Sunday, September 18, 2016

The Importance of ‘Deep Listening’ to Young People (guest post)


David Castillo Dominici for FreeDigitalPhotos.net


by Dr. Sam Himelstein, Center for Adolescent Studies 


“Deep listening is the type of listening that can help relieve the suffering of the other person... You listen with only one purpose.  Help him or her empty his or her heart.”
                                                        Thich Nhat Hanh




The Power of Compassion

 As a society, we marginalize our young people.  We invalidate them.  We don’t take their opinions seriously.

Deep listening can be a relationally corrective experience.  It can help kids realize for the first time what it feels like to be seen, to be witnessed, to be heard.  They feel for the first time ‘this person is respecting me.’  As we relate to youth as human beings, their trust and comfort grows.

Sunday, September 4, 2016

The Downside of Self-Righteousness

Stuart Miles for FreeDigitalPhotos.net


I know I should learn from my mistakes...  but I actually prefer learning from other people's mistakes.  (Much less painful!)  

That's why I love this story from Start Where You Are, by Pema Chodron:
"I had been practicing [meditation] all day, after which you might think I would be in a calm, saintly frame of mind. But as I saw that someone had left dirty dishes, I started to get really angry."

Of the eight people on the retreat, there was only one person who would be selfish enough to leave a mess for somebody else to clean up.  Pema was sure she'd see that woman's name on all the dirty dishes.  Instead,  

Sunday, August 21, 2016

Multiple Intelligences Lead to Mindfulness (interview)



photo courtesy Kathleen Hackett


Kathleen Hackett is an award-winning educator with over 35 years of experience teaching gifted students, deaf students, and adult literacy. She is the Community Outreach Coordinator for inLightenment, Inc., which provides teachers and families with high quality, research based educational materials. 

The BYTES Power Smarts story, Mindfulness! Not Mind Full Nest!, introduces children to mindfulness while also helping them learn how each individual's strengths and talents (Power Smarts) can contribute to a team effort to solve a problem. This free story has been published at bytespowersmarts.com and on the Teachers Pay Teachers website.


What is the connection between mindfulness and multiple intelligences?

Mindfulness is an awareness of what is happening in the present moment while being nonjudgmental. 


We are all born with multiple intelligences, and we use them to help us be aware of the present moment. 

Sunday, August 7, 2016

Five Contemplative Art Practices

Idea go for FreeDigitalPhotos.net

"Although many of us, under the ceaseless bombardment of photographic and electronic imagery that we experience daily, have lost the gift of seeing, we can learn it anew and learn to retrieve again and again the act of seeing things for the first time, each time we look at them." 
(Frederick Franck,  Zen Seeing, Zen Drawing)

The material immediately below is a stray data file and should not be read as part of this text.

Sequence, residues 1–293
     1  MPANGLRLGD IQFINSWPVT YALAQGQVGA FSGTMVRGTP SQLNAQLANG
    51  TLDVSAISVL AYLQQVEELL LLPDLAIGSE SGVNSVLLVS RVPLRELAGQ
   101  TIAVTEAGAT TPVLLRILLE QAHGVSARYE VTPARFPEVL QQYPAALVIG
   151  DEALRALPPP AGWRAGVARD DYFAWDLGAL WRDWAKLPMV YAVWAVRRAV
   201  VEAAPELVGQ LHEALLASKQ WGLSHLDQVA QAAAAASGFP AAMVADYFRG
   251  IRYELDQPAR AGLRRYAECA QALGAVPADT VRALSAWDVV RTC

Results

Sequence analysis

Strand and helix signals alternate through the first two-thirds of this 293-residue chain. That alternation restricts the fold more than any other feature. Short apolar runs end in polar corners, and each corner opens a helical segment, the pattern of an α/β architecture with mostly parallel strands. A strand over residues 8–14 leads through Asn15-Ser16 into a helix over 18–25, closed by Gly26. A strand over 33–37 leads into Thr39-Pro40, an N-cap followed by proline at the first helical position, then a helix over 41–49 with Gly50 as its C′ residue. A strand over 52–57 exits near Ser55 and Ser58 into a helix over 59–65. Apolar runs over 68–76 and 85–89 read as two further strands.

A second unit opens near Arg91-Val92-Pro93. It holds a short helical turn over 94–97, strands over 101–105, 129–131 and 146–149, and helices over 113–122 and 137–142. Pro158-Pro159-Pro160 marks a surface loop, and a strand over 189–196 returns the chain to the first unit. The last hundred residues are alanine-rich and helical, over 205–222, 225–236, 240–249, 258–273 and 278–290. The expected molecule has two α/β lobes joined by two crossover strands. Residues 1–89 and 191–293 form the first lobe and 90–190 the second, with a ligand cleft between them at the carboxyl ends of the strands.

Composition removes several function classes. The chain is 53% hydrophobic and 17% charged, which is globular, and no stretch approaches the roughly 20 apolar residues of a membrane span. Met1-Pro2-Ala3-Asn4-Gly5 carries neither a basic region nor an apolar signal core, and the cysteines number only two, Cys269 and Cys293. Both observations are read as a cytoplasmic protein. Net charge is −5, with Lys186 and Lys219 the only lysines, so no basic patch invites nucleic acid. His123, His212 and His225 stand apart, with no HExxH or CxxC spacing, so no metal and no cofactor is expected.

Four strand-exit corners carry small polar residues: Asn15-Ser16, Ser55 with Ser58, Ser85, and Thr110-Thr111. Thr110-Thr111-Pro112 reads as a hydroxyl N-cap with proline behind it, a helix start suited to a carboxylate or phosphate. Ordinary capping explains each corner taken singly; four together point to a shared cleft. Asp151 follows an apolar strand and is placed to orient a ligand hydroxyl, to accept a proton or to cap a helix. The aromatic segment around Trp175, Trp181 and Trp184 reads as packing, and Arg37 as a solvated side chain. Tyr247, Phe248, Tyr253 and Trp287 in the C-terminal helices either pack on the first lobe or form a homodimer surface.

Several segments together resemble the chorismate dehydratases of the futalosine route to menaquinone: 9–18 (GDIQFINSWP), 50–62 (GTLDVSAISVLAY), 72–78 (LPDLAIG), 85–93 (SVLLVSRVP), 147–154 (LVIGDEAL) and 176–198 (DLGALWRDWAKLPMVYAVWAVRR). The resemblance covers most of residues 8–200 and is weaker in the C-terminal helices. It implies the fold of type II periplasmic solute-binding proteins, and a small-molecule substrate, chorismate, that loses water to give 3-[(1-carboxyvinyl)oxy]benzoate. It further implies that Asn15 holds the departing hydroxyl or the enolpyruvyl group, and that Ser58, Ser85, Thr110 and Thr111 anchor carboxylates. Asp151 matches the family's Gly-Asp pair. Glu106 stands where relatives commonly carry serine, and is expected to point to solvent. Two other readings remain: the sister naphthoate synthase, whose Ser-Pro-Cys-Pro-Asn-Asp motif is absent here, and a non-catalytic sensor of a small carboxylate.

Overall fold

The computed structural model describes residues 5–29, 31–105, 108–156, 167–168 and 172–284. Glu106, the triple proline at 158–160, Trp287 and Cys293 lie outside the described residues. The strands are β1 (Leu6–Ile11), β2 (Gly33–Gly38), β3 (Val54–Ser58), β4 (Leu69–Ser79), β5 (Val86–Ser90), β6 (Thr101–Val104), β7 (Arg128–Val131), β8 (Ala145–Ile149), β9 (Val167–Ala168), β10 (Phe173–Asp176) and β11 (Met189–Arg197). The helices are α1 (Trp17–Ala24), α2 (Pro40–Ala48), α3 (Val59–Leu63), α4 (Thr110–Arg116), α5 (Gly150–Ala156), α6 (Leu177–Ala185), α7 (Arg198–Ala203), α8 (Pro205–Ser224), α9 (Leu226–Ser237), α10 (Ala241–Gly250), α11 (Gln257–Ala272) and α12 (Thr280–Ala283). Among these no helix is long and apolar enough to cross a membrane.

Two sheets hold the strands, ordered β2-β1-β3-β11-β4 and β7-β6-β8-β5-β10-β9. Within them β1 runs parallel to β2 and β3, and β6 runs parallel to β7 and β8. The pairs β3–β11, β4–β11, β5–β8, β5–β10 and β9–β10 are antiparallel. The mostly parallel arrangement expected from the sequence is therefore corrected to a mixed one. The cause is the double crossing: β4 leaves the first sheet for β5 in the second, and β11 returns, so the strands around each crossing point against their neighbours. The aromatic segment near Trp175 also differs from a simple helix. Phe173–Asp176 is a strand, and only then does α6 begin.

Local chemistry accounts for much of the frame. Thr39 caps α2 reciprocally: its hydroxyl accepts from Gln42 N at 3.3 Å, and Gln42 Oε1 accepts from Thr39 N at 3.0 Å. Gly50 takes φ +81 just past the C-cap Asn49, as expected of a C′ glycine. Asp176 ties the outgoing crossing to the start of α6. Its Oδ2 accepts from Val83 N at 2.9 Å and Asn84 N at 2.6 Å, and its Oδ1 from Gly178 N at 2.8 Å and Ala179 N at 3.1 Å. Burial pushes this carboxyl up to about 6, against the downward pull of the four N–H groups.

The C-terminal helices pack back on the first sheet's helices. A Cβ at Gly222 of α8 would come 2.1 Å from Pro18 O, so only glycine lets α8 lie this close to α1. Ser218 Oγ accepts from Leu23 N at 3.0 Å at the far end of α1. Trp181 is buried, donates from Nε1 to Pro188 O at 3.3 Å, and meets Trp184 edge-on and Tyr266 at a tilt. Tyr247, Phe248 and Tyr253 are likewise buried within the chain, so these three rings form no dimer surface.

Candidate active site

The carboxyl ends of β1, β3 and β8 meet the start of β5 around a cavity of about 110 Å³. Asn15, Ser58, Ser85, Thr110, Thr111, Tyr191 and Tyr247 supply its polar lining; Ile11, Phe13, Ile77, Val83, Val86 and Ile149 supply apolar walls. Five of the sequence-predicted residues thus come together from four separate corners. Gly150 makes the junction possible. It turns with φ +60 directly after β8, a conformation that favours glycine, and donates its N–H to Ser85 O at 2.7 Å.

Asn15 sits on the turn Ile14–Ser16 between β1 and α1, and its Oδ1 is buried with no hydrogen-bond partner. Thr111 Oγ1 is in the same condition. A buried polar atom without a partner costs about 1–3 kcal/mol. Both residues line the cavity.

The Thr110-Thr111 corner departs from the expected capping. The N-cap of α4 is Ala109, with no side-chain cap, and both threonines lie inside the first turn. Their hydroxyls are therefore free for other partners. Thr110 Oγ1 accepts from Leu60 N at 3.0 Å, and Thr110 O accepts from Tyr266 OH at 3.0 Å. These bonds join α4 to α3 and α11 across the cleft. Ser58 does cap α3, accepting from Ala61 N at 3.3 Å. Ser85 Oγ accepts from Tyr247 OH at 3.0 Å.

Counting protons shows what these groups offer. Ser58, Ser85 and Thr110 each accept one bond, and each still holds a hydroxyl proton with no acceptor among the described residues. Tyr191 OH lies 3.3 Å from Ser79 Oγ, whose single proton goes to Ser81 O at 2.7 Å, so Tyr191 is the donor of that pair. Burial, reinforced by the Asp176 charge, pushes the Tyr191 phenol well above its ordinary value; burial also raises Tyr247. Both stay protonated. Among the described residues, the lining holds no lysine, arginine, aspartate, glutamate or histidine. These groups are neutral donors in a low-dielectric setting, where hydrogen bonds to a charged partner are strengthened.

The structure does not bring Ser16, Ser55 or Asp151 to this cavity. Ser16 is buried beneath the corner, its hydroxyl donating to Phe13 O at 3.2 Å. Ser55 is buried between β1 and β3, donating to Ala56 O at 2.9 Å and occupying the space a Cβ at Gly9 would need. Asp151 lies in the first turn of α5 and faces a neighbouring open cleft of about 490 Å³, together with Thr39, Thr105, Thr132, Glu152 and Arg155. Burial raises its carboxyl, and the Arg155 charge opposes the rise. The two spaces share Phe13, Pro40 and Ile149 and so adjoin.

There are a lot of different ways to practice mindful seeing through looking at or creating art.  Here are a few possibilities:

Sunday, July 24, 2016

Are You Happy? Songs for Reflection and Discussion

imagerymagestic for FreeDigitalPhotos.net
Here are a variety of songs about feeling happy, looking on the bright side, and pretending to be happy while hiding our true feelings. 

Scroll to the bottom of the page for questions to spark reflection and discussion about our emotions and how we experience and express them.

And if you need a quick mood booster right now, check out the video of Pharrell Williams' song "Happy," featuring absolutely everyone at Deaf Film Camp. (Really.  I mean everyone.)  



Feeling Happy

Feelin' Good, Nina Simone
lyricsvideo of recording by Lauryn Hill (audio with album cover)
"Fish in the sea you know how I feel.  River running free you know how I feel.  Blossom on the tree you know how I feel.  It's a new dawn.  It's a new day.  It's a new life for me, and I'm feeling good."

Feelin’ Groovy (The 59th Street Bridge Song)
"Slow down, you move too fast.  You got to make the morning last.  Just kicking down the cobblestones.  Looking for fun and feelin’ groovy."

Happiness, Ben Lee
lyrics; official video with home movies of children
"If you wanna fix a problem, then you gotta be happy.  Being happy is the only way out of the mess. If you wanna fix a problem, then you gotta be happy ‘cause happiness creates happiness!...  If you’re waiting for a reason, then you might never be happy ‘cause happiness creates happiness!"

Sunday, July 10, 2016

Red, Orange, Yellow: A Mindful Driving Practice

fantasista for FreeDigitalPhotos.net

It all started with Rainbow Walk.  That's my favorite way to practice mindfulness of my surroundings, and it's been consistently in the top ten posts for the past couple of years.  So I thought it would be fun to try a "rainbow drive," looking at different colors like a red barn, the blue sky, and so on.

Let's just say that was not the most brilliant idea I've ever come up with.  I tried Rainbow Drive a grand total of one time, and it went like this: